On the other hand, though, he enjoyed himself. The way he moved, his elegance and fluidity, surprised him. Like a courting swan he gracefully danced and his swords swivelled through the misty air like ribbons to a rhythmic gymnast. His timing was impeccable, bobbing and weaving like peaks of fire in slow motion, and pushing through flesh was frighteningly satisfying. The way it was firstly a small prick and then force was required. Knowing this he soon discovered the right amount of force that allowed him to get past the skin without overexerting himself. And once the sword was in, it was like cutting through butter. Everything about a fight was lissom. And the dance, the steps and muscles required, was something no master could teach him. Learning it himself was the most rewarding of it all, anyway. At times Bako kept his eyes on his feet, watching them twist and lift from the grass, and other times his focus was on enemies both nearby and distant. His vision was the most acute it had ever been. In fact, all his senses were greatly heightened, he was on all alerts. Sounds pounded deep into his ears, smells tingled right inside his sinuses. Anything that touched him left a lasting sensation and he could taste everything; haze, dirt, pollen, blood – even the fear in the air.

Garuku was the same. His fresh blood, thick and righteous, coursed through his veins to his exercising muscles. He had noticed over the years that his strength doubles amid a fight. He looked around, making sure to force his slabs of stone to the enemy. His men were doing alright. He fired another rock. It rammed into an axe-wielding State soldier, landing on top of him. Let's see you get out of that, Garuku said to himself, grinning. He continued to look around. Bako was doing well but Wen was nowhere; probably cowering behind a bush. That man was such a useless soldier. Good riddance, Garuku thought. Another stone was fired. It exploded when it hit an enemy's earthen attack and a giant cloud of dust spread across the paddock.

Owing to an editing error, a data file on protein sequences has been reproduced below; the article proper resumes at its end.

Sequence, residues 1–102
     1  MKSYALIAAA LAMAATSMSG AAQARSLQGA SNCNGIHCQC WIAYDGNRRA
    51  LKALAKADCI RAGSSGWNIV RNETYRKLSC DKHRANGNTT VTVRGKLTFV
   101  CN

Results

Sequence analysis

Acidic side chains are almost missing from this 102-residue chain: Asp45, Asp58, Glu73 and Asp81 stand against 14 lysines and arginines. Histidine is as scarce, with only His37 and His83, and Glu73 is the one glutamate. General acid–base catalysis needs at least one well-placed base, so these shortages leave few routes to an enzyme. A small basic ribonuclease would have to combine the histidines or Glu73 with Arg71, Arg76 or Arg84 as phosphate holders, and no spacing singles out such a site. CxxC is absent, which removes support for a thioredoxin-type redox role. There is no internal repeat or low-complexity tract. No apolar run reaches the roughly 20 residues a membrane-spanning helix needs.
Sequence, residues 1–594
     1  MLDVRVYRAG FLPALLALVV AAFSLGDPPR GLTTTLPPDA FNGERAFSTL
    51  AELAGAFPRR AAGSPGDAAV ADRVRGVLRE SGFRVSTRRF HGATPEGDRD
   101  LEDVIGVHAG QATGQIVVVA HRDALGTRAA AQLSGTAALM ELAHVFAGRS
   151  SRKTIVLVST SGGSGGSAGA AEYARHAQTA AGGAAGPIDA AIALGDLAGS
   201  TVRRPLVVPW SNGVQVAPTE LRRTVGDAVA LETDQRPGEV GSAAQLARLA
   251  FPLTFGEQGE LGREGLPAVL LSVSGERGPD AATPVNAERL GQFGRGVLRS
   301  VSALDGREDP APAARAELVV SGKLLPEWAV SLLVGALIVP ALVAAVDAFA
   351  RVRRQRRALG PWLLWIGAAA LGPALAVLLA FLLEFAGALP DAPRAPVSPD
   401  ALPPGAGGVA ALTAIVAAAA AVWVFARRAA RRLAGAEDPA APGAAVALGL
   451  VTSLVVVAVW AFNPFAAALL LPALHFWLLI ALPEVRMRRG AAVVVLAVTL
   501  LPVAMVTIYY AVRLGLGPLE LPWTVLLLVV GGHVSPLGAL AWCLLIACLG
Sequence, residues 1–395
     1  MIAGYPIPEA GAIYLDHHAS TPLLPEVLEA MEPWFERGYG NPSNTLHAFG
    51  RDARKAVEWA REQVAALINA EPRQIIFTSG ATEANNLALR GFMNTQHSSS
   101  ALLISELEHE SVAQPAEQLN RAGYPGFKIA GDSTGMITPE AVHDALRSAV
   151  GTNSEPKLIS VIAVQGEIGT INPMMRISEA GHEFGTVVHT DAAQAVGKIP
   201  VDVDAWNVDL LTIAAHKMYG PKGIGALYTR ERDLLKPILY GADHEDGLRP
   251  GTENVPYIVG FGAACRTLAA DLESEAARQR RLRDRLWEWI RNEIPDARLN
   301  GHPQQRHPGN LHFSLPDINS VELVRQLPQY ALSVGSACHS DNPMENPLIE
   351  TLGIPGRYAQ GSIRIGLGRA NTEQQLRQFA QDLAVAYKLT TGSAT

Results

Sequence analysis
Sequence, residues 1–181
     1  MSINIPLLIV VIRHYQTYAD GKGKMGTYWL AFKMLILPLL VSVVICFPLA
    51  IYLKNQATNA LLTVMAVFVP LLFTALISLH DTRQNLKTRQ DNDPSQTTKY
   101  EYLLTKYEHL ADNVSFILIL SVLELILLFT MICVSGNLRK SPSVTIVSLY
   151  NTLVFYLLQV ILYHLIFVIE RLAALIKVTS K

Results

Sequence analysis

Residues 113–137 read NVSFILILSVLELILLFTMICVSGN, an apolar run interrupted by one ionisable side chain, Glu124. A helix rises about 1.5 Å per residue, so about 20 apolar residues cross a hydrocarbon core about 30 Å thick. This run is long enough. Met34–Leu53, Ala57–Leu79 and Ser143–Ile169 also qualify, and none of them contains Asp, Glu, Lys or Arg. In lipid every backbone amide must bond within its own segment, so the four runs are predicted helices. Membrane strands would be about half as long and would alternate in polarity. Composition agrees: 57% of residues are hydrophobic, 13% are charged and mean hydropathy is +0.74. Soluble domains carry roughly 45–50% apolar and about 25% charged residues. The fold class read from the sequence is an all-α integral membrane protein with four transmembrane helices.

A horn echoed through the still air. It was wooden. The baritone notes shook Garuku's bones.  He could barely see through the fog and dust. Shadowy, blurred figures moved around like silhouettes behind a sheet as their noises waged on with the battle. The man could feel his heart beating jaggedly in his ribs, and each beat started to hurt. He was worrying, and he couldn't afford to worry – which worried him further.

Suddenly a net encased his body. His legs buckled as the silver strings dug into his skin and he was swept up off his feet. The net he was caught in was attached to a State Ostrich horse. When Garuku made eyes with who was leading the horse his anger burnt so savagely he could not shout loud enough to express it. Grinning meanly, Wen looked down his nose at his commander. Garuku stared into the man. He barely recognised him. Wen seemed so strong and confident – it was quite terrifying. Garuku's back scraped along the muddy ground as Wen dragged him to Astrid's camp and the State Army began to retreat.  Garuku managed to crane his neck and take one last peek at his battalion. They seemed confused, looking around for their leader to instruct them. The mist was so thick they didn't notice Garuku in the net and soon they became but an outline in the valley.

Her heavy footprints stamped down the grass, leaving imprints on the ground. Like a fast-working machine her legs chugged and chugged, her mouth a vent to let out the screams. Her arms, fists tight, swept up and down beside her hips like a locomotive, each lift exactly the same as the first. Frenzied urgency clung to her breath and strangled her insides. Her muscles throbbed wildly as her vision tunnelled.